636
Chlamydomonas
structure. Numerous mutants affected in
psaA
trans-splicing have been isolated and
can be grouped into three classes. In the
Frst are mutants unable to splice exons 1
and 2, the second comprises mutants un-
able to splice exons 2 and 3, and the third
consists of mutants unable to perform ei-
ther trans-splicing reaction. At least 14
nuclear loci are involved in this complex
maturation pathway. Whether the unusual
split structure of the
psaA
gene reflects
an ancient gene structure or whether it
was created through division of an ances-
tral
psaA
gene by DNA rearrangements
r
em
a
in
sanop
enqu
e
s
t
ion
.Th
enu
c
l
e
a
r
genes of several of the factors involved in
trans-splicing have been cloned and char-
acterized. Some of them resemble known
proteins involved in RNA metabolism such
a pseudouridine synthases, although the
enzymatic activity is not required for trans-
splicing. Whether these proteins have a
dual role in chloroplast RNA maturation
is not yet clear. Some of these factors are
part of high molecular weight RNA protein
complexes that are reminiscent of snRNPs
in eukaryotic cells, although no signiFcant
sequence identity is apparent between the
subunits of these complexes.
Mutants affected in chloroplast trans-
lation have also been examined. These
mutants were Frst identiFed on the basis
of pulse labeling of cells in the pres-
ence of an inhibitor of cytoplasmic protein
synthesis. Under these conditions, only
polypeptides translated in the chloroplast
compartment are labeled. ±rom the label-
ing patterns, it is, however, difFcult to
distinguish mutants truly affected in trans-
lation from those having increased protein
turnover. By using a strategy resembling
the one based on the use of chimeric genes
outlined earlier for the nuclear mutant
deFcient in
psbD
RNA accumulation, it
has recently been shown that some of
the mutants are indeed affected at the
level of initiation of translation. Several of
the trans-acting factors have been recently
identiFed (Table 2).
4.1.3
Metal Ion Control of Photosynthetic
Gene Expression
The
copper-containing
protein
plasto-
cyanin catalyzes electron transfer between
the cytochrome
b
6
f
complex and photo-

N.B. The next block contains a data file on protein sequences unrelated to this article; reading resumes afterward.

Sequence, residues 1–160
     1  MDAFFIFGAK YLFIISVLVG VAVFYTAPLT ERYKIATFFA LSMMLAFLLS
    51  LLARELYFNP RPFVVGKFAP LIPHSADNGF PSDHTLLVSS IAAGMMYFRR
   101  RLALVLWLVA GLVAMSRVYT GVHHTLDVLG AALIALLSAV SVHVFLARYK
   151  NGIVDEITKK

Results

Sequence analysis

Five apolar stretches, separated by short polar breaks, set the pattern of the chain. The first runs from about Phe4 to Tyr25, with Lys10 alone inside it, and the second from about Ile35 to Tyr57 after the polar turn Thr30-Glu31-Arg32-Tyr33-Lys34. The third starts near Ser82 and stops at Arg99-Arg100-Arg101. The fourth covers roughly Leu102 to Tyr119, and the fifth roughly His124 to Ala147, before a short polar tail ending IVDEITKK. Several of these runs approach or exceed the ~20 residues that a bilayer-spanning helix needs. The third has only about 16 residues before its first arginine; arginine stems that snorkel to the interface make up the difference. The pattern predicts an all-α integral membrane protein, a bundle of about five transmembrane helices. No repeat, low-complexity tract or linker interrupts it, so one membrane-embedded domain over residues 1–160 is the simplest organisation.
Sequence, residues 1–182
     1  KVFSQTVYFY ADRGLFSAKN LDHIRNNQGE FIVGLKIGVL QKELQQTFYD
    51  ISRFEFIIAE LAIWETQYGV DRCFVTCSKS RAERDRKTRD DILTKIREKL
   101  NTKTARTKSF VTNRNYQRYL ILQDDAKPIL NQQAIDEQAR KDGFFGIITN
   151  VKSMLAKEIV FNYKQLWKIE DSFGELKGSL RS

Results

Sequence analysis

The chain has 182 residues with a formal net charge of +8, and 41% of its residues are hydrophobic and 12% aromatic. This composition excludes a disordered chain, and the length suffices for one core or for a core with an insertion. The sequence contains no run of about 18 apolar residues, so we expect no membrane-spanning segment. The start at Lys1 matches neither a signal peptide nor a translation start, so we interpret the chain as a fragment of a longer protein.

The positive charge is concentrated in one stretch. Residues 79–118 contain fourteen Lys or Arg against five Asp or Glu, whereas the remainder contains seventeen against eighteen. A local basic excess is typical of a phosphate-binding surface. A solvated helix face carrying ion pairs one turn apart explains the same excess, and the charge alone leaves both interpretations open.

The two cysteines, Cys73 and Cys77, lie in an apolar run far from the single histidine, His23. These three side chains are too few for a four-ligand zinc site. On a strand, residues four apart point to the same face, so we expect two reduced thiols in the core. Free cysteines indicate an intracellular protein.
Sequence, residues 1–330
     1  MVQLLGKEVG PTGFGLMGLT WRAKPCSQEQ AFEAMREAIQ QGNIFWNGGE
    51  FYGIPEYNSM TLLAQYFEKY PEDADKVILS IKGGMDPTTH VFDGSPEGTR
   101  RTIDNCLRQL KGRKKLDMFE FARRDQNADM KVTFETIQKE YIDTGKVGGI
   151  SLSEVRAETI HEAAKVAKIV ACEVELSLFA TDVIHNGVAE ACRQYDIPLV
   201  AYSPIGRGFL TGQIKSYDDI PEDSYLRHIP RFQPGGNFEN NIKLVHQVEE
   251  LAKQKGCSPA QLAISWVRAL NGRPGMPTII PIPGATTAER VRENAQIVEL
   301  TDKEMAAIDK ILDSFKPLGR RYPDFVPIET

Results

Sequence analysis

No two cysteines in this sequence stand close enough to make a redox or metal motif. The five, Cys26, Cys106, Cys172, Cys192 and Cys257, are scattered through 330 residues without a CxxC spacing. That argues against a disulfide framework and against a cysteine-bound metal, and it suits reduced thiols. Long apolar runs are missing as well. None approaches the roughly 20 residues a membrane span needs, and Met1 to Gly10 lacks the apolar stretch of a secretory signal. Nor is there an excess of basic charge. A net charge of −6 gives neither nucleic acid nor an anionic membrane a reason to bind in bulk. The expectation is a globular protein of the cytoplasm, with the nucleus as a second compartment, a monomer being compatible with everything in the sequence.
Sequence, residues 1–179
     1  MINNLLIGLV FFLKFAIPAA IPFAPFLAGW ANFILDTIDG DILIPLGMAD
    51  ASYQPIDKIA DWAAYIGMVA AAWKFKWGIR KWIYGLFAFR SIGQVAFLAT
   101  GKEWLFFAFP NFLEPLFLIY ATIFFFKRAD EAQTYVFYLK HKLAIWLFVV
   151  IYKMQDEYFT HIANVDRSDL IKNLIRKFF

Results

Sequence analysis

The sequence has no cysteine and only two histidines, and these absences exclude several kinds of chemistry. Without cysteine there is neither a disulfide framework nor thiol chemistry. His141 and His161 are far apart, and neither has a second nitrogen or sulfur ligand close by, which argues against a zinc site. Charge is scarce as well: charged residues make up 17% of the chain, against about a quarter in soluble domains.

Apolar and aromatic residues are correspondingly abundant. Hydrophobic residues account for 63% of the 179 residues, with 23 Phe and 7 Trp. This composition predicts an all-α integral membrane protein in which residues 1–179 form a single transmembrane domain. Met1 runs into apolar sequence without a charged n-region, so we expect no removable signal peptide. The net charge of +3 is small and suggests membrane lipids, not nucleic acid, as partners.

system I (±ig. 5). Growth of terrestrial
plants in copper-deFcient habitats leads to
symptoms of copper deFciency. However,
Chlamydomonas
, like other aquatic algae
and cyanobacteria, remains photosynthet-
ically competent under copper-deFcient
growth conditions. This is because, in
theabsenceo
fcopper
,thea
lgaexpresses
the heme-containing cytochrome
c
6
,an
alternate electron carrier to plastocyanin.
Although plastocyanin is still expressed
under conditions of copper deFciency, the
apoprotein is highly unstable and is rapidly
degraded. Expression of cytochrome
c
6
proceeds only in the absence of copper
and is regulated at the transcriptional level.
Thecupricion–responsivepromoterofthe
cytochrome
c
6
gene displays unique metal
speciFcity and high sensitivity; in addition,
it governs reciprocal control of synthe-
sis of two proteins, cytochrome
c
6
and
plastocyanin, which are distinct although
functionally equivalent. On the basis of
the observation that the amount of cop-
per ions needed to repress cytochrome
c
6
transcription matches the amount of
plastocyanin in
Chlamydomonas
cells, it
has been proposed that repression of tran-
scription requires a copper-binding factor
that is titrated by copper only after plasto-
cyanin has accumulated to a level needed
for photosynthesis. Therefore, the con-
trol of cytochrome
c
6
expression results
mainly from a direct cellular sensing of
available copper rather than indirectly as
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